I also prefer smaller lines, so if you have a method call that passes in the results of other method calls and the parameter lists start getting excessive it becomes very difficult to read

SendResults(GetResults(arg0, arg1, arg2), SomeOtherMethod(arg3, arg4), arg5);

That begins to get quite difficult to read and keep track of everything.

Ultimately, it is your system and yours to maintain, so what ever style you find easier.

var results = GetResults();

Is acceptable because it allows for a breakpoint to be used to inspect the value of results. Some programming languages won't optimized this code, and as a result code inspection might issue a warning that the variable results is never modified. C# likely will optimize so there is no problem with.

Code inspectors might issue a warning for inefficient code for the following example;

 var results = GetResults();
 return results;

It depends on the language and I don't think C# has a problem with optimizing that.


I know this is pretty old, but with Visual Studio 2017, the argument no longer needs to be based on ease of debugging. There is a new way of handling nested calls. Set your breakpoint on the line with the nested call. When the breakpoint hits, you can step into any level of the nesting using the Step Into Specific context menu (right-click) command. This will show the calls top to bottom from innermost to outermost. This includes lambda functions (such as LINQ predicates).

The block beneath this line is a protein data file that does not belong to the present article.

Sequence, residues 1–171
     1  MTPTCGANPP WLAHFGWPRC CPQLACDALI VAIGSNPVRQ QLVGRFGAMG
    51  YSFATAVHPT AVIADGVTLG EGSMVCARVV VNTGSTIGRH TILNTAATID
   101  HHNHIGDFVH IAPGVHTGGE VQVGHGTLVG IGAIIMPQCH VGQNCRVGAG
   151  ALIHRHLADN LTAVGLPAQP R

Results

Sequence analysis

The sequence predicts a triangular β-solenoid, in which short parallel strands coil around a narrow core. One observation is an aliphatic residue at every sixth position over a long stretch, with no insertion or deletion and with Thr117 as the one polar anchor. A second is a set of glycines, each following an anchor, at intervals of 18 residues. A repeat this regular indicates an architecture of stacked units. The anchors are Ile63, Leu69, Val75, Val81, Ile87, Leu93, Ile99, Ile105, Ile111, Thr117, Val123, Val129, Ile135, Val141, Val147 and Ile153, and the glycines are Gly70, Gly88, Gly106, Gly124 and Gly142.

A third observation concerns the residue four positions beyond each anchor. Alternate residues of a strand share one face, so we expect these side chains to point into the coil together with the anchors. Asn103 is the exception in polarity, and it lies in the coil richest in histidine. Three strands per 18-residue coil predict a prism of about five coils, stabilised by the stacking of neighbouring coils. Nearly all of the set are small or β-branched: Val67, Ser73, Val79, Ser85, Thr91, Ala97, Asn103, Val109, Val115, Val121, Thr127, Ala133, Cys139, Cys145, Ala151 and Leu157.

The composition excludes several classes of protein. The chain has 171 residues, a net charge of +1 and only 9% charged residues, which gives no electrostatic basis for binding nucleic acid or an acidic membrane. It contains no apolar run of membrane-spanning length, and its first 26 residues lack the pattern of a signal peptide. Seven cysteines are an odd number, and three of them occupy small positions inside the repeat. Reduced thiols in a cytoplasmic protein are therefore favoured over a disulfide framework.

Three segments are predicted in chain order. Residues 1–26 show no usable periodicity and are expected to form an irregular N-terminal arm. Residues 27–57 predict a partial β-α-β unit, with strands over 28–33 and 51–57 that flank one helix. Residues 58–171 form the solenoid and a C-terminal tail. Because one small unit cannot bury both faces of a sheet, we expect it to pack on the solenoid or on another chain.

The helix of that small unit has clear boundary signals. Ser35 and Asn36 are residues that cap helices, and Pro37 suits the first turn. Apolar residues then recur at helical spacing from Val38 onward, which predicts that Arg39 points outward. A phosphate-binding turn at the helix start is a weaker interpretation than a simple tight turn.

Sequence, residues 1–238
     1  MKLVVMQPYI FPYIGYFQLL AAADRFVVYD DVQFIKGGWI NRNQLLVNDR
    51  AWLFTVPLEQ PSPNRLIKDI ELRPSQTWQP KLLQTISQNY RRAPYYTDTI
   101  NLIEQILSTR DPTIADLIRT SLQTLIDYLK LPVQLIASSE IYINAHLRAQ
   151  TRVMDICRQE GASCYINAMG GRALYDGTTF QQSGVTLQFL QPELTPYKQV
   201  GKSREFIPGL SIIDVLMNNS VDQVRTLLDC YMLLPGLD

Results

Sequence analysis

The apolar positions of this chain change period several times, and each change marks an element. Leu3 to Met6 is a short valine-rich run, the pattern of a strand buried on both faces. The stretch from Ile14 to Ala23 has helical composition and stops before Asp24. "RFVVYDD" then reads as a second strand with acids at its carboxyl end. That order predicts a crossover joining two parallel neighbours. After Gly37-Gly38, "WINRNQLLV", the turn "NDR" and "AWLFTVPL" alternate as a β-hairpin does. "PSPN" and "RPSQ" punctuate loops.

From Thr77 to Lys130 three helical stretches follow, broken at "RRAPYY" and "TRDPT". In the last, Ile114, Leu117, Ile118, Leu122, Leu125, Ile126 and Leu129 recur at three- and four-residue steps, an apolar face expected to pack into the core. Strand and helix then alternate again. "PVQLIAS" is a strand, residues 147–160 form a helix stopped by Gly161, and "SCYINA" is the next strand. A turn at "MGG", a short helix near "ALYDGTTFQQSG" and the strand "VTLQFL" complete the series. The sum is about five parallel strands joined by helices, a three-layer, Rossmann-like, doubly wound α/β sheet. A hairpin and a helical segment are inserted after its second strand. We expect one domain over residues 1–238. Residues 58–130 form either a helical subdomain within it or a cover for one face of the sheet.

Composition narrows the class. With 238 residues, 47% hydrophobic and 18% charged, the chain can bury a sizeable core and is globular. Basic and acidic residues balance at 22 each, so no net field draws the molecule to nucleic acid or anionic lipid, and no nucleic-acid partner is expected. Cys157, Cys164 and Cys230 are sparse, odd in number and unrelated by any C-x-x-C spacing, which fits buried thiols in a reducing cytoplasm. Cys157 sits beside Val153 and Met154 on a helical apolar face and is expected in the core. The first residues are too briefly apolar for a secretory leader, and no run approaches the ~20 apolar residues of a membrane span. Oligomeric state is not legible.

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The first principle when dealing with such issue should be readability (if not dealing with some low-level optimization). In your simple example readability is comparable, but consider code like this:

SendResults(GetResults(Sorter, context.GetCurrentPageInfo(userContext), ...);

Surely, much clearer would be:

var results = GetResults();
var pageInfo = context.GetCurrentPageInfo(userContext);
SendResults(results, pageInfo, ...);

As correctly noted in other answers, the more readable version has one more advantage - it is easier to debug, because you can examine all intermediate values.


In my opinion it doesn't matter much, but I have a small preference for the first, because it makes it slightly easier to read, and slightly easier to extend and maintain. Much more important is consistency in my opinion. Do one or the other, but not both.


Both are ok... it is just a question of your programming style and experience... But if I had to choose I would go with option 1. More clearer...


If you never need the results anywhere else, my opninion is that the second option is the better. It reads faster and is indeed less code to write. However, it is harder to read, so the programmer who is reading your code should be better and understand things faster.


If the results are used in this way, I probably would go for another solution:

class SomeClass
    private MyClass _results;

private void SendResults()
   ... // Implementation which sets _results

Where SendResults gets the results directly from _results and GetResults is not needed (unless it is used by other classes, so it would be:

public MyClass Results { get; private set; }